I’ve been spending the summer thinking and dreaming about why I’m here, what I’m doing on social media, and why I run this creative writing school in the first place.
It does feel remarkable to me that the Story Is a State of Mind community has grown the way it has. Who would have thought that a tiny writing workshop — there were four people in my first class — would ever turn into this?
One thing we all have in common: we are writers who care deeply about the quality of attention that creative writing reveals. We are devoted to making time for this attention, even when social and cultural pressures urge us not to.
Making time for solitude in your day for quiet reflection? Just to write about an idea for a story that nobody has even asked you to write? That nobody may ever pay you for?
Wow. You are a rare breed.
But spending an hour to catch up on your Facebook newsfeed, pausing during a picnic to post a picture on Instagram, or tweeting about the band you’re watching at a music festival — that’s all understood as culturally appropriate ways to spend your time. Yes, it eats your time, but it’s fun, and it can keep you very busy.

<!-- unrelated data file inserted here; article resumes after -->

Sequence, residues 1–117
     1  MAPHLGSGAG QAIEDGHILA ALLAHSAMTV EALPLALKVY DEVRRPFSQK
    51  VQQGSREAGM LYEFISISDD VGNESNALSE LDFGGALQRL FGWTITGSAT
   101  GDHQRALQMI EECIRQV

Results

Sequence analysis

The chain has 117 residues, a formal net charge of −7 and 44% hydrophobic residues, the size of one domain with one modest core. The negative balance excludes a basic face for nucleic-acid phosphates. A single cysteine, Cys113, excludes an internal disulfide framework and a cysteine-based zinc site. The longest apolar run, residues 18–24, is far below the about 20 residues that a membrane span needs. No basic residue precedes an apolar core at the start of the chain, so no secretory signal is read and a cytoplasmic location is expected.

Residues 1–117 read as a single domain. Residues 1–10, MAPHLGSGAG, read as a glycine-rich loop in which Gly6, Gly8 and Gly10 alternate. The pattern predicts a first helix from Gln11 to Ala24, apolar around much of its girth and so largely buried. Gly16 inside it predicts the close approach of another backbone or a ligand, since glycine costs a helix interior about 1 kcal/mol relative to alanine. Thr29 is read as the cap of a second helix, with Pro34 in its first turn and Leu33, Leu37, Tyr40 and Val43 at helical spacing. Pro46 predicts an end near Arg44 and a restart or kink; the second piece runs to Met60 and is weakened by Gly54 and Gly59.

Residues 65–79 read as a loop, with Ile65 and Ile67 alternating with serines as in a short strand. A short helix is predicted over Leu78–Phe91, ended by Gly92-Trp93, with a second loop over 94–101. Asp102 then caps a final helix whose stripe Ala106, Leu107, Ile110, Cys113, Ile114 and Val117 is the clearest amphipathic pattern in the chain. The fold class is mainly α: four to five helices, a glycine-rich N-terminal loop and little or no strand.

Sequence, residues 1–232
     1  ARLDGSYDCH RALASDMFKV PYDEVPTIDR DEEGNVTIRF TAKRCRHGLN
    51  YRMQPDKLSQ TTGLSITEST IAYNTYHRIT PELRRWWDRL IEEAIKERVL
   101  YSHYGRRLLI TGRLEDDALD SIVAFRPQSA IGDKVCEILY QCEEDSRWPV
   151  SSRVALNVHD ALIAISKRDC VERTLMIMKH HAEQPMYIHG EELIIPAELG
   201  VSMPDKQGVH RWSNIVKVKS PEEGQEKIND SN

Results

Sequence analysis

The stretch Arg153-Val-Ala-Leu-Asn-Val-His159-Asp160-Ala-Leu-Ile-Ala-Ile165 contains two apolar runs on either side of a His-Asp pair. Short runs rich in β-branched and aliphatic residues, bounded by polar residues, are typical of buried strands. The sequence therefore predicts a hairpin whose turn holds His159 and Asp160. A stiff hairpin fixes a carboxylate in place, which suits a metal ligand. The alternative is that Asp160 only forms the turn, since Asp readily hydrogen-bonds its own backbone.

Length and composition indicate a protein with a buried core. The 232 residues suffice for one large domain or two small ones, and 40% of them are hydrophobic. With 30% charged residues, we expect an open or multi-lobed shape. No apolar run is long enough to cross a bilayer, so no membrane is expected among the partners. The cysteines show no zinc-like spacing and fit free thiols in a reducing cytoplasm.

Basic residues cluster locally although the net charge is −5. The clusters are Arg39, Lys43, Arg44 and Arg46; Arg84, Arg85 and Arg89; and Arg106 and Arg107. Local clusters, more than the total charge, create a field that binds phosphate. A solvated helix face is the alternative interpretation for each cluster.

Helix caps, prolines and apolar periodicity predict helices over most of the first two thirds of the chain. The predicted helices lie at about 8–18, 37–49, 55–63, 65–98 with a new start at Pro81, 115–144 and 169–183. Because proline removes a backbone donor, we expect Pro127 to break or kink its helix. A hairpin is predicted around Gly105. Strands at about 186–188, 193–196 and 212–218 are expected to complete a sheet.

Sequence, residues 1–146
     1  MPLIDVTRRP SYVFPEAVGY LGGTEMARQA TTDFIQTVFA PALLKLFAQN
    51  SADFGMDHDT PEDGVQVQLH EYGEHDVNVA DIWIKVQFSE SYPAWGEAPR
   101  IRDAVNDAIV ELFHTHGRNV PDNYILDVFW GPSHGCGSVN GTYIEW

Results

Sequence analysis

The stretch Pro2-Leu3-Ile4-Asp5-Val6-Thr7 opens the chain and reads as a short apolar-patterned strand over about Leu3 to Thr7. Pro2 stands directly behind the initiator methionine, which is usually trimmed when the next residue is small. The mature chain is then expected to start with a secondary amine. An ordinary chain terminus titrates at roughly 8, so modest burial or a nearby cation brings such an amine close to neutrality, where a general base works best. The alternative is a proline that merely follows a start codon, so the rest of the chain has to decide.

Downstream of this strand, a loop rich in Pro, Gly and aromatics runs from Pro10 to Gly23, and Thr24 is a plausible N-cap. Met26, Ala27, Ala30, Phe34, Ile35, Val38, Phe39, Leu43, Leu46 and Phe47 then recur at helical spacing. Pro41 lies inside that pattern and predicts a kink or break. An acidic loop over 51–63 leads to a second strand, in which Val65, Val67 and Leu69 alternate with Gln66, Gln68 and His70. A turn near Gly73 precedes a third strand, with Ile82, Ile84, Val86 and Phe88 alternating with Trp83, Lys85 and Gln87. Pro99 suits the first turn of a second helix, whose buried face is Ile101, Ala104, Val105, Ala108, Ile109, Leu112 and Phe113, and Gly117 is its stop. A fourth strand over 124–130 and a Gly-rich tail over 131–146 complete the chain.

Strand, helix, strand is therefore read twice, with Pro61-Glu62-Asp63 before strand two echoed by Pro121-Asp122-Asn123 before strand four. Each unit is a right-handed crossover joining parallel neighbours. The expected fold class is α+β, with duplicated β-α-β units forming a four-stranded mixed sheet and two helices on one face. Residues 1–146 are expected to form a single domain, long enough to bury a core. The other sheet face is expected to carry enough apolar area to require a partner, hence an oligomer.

Every year, I have let my social media feeds go quiet in the fall and winter. This makes space in my psyche for much-needed reflection and creative thought. This seasonal schedule works for me.
But we won’t be doing a social media blackout this year. This fall, the Story Is a State of Mind School will stay online, continuing to inspire you with thoughtful content even when I’m taking my digital sabbatical.
I’m excited about this, but it feels strange, too.
A big question I’ve been turning over in my head is this: how can I continue to inspire writers to take white space — time away from their computer, especially — if I’m using social media to occupy their time while I’m taking white space to write?
Social media abhors white space. But as creative beings, we must not be afraid of nothingness.
If we are to have creativity, we must have white space. Not just read articles (like this one!) about how important it is to have white space.